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This item is taken from PN Review 164, Volume 31 Number 6, July - August 2005.

News & Notes
GWYNETH LEWIS has been appointed the first Welsh National Poet, a Laureate or Makar for the Welsh nation. She is an outstanding English-language poet and also one of the leading Welsh-language poets of our time. Her laureateship, on the American model, will last for one year but is renewable for a second. Her inauguration took place at this year's Hay Festival.

This year's Michael Hartnett Award is shared between two different and distinctive voices: SINÉAD MORRISEY for The State of the Prisons and KERRY HARDIE for The Sky Didn't Fall. The award will be presented at the opening of Eigse Michael Hartnett (literary week-end) on the evening of 15 September.

The 2005 Oxford Weidenfeld Translation Prize was awarded to DENNIS JACKSON for his version of Theodor Storm's The Puppeteer and Other Stories, published by Angel Books. The shortlist was especially varied this year, including Antony Hasler's Georg Heym translations and new versions of Chekhov, Gogol and Flaubert.

HELENA NELSON has launched Happen-Stance, a poetry chapbook imprint based in Scotland. In its first year it will focus on Scottish or Scotland-based poets. Later it will cross borders. The imprint will publish Sphinx, a new magazine which celebrates and evaluates poetry in chapbook form. Further information from HappenStance, 21 Hatton Green, Glenrothes KY7 4SD (

Marius Kociejowski writes: About an hour after hearing the report on BBC radio, that the President of Venezuela was giving out a million free copies of Don Quixote, I stepped into a local café where I overheard the following conversation between two men in orange overalls. 'I heard on the radio this morning some geezer in South America, the president of Venezuela, I think, has gone and given away a million copies of Don Quixote.' [Silence] 'So why'd he go and do that then?' 'Well, you know, the novel's set there.'

ELIZABETH MCFARLAND HOFFMAN, one-time poetry editor of Ladies' Home Journal who sandwiched the poems by Auden, Rich and Plath between 'Is Your Marriage a Masquerade?' and 'Bing Crosby's Kitchen for His Bride', died in Philadelphia in May. She was 83. In the August 1950 issue, Auden's 'Secrets' follows an ad for Velveeta. In September 1956, Galway Kinnell's 'Where the Bodies Break' shares a page with 'How to Make 10 Tantalizing Butter Waffles With That Tender Melt-Away Texture'. Hoffman left the magazine in 1962, when new owners put a stop to poetry. Another passing: that of Professor NORMAN JEFFARES, a great Yeats scholar and a teacher who left an indelible mark on post-war English and Scottish university education. And the much-loved Portuguese poet EUGENIO DE ANDRADE has died at 82. His original name was Jose Fontinhas, and he was a poet from the age of thirteen, his first book being published when he was sixteen. He went on to write some thirty volumes of verse and prose and was translated into English, Chinese and other languages. The European Commission President Jose Manuel Barroso called Andrade 'a great personality of Portuguese culture'.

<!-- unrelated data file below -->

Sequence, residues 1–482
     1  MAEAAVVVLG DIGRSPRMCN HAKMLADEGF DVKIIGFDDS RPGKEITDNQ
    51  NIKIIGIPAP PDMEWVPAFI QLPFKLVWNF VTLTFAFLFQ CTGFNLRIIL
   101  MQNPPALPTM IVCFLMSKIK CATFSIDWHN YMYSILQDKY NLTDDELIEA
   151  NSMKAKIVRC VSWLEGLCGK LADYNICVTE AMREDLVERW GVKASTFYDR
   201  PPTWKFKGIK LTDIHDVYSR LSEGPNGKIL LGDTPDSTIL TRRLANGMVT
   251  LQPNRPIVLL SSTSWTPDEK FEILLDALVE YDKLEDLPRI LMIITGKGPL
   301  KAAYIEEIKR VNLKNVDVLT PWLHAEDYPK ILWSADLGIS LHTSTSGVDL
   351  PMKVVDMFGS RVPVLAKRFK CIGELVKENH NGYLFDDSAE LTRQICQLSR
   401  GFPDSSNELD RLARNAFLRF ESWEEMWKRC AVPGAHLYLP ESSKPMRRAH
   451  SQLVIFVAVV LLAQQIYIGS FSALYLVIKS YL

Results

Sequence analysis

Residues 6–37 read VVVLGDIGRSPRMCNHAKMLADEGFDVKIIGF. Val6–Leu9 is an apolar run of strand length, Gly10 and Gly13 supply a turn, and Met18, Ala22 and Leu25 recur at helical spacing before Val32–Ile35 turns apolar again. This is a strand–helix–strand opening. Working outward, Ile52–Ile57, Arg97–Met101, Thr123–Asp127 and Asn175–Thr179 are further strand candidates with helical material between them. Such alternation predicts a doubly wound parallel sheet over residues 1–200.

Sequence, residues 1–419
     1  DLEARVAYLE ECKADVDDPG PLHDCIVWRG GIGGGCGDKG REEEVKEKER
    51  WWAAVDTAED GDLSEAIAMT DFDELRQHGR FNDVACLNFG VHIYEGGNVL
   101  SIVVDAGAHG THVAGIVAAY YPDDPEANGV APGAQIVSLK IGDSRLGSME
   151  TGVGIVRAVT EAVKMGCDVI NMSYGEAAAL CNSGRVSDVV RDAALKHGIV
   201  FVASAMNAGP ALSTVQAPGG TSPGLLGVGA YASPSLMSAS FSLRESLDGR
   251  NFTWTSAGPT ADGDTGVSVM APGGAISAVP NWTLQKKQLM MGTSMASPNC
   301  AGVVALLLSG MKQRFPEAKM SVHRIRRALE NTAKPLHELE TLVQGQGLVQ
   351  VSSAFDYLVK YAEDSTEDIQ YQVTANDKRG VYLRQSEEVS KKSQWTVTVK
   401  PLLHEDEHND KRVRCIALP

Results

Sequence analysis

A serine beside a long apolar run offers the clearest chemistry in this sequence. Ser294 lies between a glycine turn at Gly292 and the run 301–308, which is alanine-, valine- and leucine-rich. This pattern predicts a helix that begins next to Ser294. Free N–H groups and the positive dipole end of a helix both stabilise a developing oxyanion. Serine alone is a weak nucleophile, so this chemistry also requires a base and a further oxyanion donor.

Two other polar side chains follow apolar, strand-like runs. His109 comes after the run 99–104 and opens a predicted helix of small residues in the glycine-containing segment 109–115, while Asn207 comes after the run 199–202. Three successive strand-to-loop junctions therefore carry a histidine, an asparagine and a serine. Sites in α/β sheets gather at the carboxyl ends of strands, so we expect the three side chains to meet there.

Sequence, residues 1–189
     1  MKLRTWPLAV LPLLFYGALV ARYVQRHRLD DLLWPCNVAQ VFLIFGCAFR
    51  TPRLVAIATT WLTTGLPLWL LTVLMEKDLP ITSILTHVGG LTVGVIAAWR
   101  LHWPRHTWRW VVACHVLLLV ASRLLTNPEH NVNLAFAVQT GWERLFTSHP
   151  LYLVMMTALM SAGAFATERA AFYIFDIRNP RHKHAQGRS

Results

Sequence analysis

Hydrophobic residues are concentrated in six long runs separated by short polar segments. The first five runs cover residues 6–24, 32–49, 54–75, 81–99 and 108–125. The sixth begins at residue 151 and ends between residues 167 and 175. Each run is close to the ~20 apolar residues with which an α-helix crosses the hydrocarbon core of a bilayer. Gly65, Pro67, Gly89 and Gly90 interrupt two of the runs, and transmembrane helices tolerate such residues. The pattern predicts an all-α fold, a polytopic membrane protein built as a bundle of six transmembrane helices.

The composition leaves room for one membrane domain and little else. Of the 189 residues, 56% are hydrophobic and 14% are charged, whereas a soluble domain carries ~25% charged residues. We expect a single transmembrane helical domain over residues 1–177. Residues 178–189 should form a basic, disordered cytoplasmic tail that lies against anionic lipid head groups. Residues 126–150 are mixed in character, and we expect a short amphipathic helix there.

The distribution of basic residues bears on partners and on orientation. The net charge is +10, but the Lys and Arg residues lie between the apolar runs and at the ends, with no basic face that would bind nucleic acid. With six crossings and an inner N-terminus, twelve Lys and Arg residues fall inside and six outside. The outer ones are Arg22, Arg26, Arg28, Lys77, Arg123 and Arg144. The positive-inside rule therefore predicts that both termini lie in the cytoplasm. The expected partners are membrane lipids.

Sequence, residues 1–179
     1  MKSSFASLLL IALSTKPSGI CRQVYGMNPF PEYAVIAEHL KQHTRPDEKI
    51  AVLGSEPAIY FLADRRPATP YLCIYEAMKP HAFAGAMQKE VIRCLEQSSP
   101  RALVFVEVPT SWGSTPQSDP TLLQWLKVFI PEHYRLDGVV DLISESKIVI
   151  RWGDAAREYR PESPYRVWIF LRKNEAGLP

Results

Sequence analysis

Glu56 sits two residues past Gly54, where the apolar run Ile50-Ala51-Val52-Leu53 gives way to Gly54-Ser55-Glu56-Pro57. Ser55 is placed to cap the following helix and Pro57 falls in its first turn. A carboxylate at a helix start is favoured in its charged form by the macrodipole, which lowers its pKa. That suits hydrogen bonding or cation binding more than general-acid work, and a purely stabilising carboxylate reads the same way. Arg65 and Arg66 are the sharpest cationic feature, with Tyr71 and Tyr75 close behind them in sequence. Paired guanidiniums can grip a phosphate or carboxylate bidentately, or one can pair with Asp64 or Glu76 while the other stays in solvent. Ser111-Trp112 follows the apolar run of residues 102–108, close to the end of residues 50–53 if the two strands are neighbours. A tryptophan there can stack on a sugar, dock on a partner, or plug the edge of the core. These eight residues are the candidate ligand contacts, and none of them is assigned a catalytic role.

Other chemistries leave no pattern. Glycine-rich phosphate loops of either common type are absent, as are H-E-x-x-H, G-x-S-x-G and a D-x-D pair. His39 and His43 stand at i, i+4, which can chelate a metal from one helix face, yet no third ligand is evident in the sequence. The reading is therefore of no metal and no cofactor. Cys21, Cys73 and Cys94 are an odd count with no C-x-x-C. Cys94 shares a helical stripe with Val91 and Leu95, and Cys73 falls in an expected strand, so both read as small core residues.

The American poet RICHARD EBERHART died on 12 June at the age of 101. He led a colourful early life, after family bereavements and disappointments going to sea as a deckhand on a steamship, doing a second degree at Cambridge, and working as private tutor for the son of King Prajadhipok of Siam. At St Mark's School, where he taught, one of his pupils was a fractious Robert Lowell. Lowell quipped that Eberhart got up in the morning, squared up to his reflection in the mirror, and declared, 'I'm the greatest poet in America.' His style of recitation emphasised the rhyming words in his poems, making for a very odd, distinctive music. His most famous poem is 'The Groundhog': 'It has been three years, now. /There is no sign of the groundhog./I stood there in the whirling summer,/My hand capped a withered heart,/And thought of China and Greece,/Of Alexander in his tent;/Of Montaigne in his tower,/Of Saint Theresa in her wild lament.' His Selected Poems, 1930-1965 received a Pulitzer Prize in 1966.

More cheerfully, the New York Times reports on a poet who is still alive. STANLEY KUNITZ, Pulitzer Prize winner, twice poet laureate of the United States, will turn 100 this summer. He is still hard at work, he says, in his office and his garden. 'Summer is late, my heart./Words plucked out of the air/some forty years ago/when I was wild with love.' Kunitz tells the interviewer: 'Immortality? It's not anything I'd lose sleep over.'

A previously unknown aria by Johann Sebastian Bach has been discovered between the pages of a poetry book rescued from a fire in Weimar. The manuscript, one of the few surviving pieces from Bach's early period, appears at the end of a book previously thought to contain only poetry by a local poet. Bach's aria was written as an accompaniment to some of the poetry in the book, which was given to the Duke of Weimar as a birthday present in 1713.

The Bad Poetry Appreciation Society: visit and participate in the online Bad Poetry Seminar. This irreverent site allows readers to explore the history of bad poetry, learn how to differentiate a good bad poem, a mediocre bad poem and a bad bad poem, and even try their hand at writing a few stinkers themselves.

France's silver-haired patrician newish premier Dominique Marie François René Galouzeau de Villepin was once described by Jacques Chirac as 'that rare man a poet and a very good platoon commander'. The former interior minister has published several poetry books and a biography of Napoleon; a speech he gave at the UN against the Iraq war has been set to music and released on CD.

This item is taken from PN Review 164, Volume 31 Number 6, July - August 2005.

Readers are asked to send a note of any misprints or mistakes that they spot in this item to
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